Dimitri Jubenville age 10 of Plano_18Dimitri, age 10, of Plano, Texas was adopted from Russia three years ago. Since arriving in America, Dimitri has been treated for prosthetic needs at TSRHC under the care of TSRHC’s Chief of Staff Emeritus, Tony Herring, M.D., and TSRHC’s renowned Prosthetics department. Although he wears two prostheses—one fully mechanical leg and a partial prosthetic—that doesn’t stop Dimitri from doing all of the sports he loves! He is a great swimmer, gymnast, and he enjoys riding his hand bicycle where he is able to make his upper body strong. Dimitri is a very outgoing young boy who loves to make friends everywhere he goes. His favorite thing to do while at TSRHC is playing with other patients in the Child Life Playroom and he cannot wait to support TSRHC and the Dallas Marathon as a 2014 Patient Champion.

Don’t Forget to Order Your TSRHC Holiday Items!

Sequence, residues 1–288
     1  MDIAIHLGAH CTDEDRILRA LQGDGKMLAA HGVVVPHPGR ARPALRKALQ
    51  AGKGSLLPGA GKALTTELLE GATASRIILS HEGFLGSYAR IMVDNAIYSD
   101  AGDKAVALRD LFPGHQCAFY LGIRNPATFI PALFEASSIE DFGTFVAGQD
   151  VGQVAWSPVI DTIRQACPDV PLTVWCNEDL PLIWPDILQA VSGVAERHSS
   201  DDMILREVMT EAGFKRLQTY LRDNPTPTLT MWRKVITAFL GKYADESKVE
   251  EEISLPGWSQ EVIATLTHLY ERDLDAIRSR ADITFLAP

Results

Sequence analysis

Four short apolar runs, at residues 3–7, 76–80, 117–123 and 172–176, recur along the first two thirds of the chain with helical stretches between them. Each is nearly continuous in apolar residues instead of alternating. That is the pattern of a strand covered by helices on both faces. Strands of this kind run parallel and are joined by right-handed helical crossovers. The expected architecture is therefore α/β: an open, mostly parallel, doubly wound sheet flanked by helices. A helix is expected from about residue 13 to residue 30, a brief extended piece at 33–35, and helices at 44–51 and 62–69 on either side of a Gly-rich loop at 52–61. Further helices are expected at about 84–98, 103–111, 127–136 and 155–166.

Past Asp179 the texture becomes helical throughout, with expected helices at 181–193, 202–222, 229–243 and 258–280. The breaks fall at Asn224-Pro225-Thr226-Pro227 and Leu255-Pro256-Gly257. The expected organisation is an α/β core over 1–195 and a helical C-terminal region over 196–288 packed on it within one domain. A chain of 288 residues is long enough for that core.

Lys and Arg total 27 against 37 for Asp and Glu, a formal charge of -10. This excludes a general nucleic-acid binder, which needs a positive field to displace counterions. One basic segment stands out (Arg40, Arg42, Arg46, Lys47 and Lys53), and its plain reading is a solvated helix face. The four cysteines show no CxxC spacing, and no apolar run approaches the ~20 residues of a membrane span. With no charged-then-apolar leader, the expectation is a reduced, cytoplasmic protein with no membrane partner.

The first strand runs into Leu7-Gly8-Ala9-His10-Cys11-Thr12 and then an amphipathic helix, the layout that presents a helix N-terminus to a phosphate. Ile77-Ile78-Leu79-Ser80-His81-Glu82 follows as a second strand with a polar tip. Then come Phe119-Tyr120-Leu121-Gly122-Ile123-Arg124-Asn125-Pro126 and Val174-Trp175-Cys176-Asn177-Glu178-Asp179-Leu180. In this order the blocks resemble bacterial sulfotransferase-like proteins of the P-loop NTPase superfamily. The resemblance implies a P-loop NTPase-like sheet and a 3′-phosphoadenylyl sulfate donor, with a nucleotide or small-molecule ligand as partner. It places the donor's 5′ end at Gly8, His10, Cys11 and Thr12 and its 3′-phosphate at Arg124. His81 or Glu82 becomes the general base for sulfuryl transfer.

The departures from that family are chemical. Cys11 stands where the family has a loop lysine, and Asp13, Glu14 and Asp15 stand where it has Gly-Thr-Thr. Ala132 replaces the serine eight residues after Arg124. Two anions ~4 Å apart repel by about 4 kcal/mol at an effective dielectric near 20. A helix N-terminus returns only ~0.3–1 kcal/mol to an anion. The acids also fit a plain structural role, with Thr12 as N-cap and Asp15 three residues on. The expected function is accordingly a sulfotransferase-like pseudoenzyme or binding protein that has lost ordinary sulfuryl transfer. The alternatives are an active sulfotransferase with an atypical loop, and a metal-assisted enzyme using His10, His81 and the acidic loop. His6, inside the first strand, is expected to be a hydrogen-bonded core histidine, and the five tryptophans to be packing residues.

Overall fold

TSRHC’s holiday greeting cards, “Happy Holidays” gift card and ornament are now available for ordering!

Holiday Greeting Cards

SnowmanSpread holiday cheer to your friends, family, clients and colleagues by sending holiday cards featuring art by TSRHC patients. Pricing is $20 per package, which includes 20 cards and 22 envelopes.

Order by phone: (214) 559-8323 or (800) 421-1121, ext. 8323; or by mail: download this PDF and mail it back to TSRHC.

“Happy Holidays” Gift Card

P3_Holiday Donor Card 2014 copyThis year, give a gift that helps give children back their childhood. Honor your friends and family with a donation to TSRHC in their name. The hospital will acknowledge your donation by sending a “Happy Holidays” gift card to your list of recipients. Please visit tsrhc.org/give, print the gift card order form and mail it to the address listed on the form, or call (214) 559-8322 or (800) 421-1121, ext. 8322.

TSRHC Holiday Ornament

P3_Ornament copyCommemorate 2014 with a fun, festive ornament from TSRHC. This year’s ornament boasts a new, 3-D design representing an iconic hospital image – TSRHC’s legendary popcorn!

Purchase your annual collectible ornament for $16.95 online here!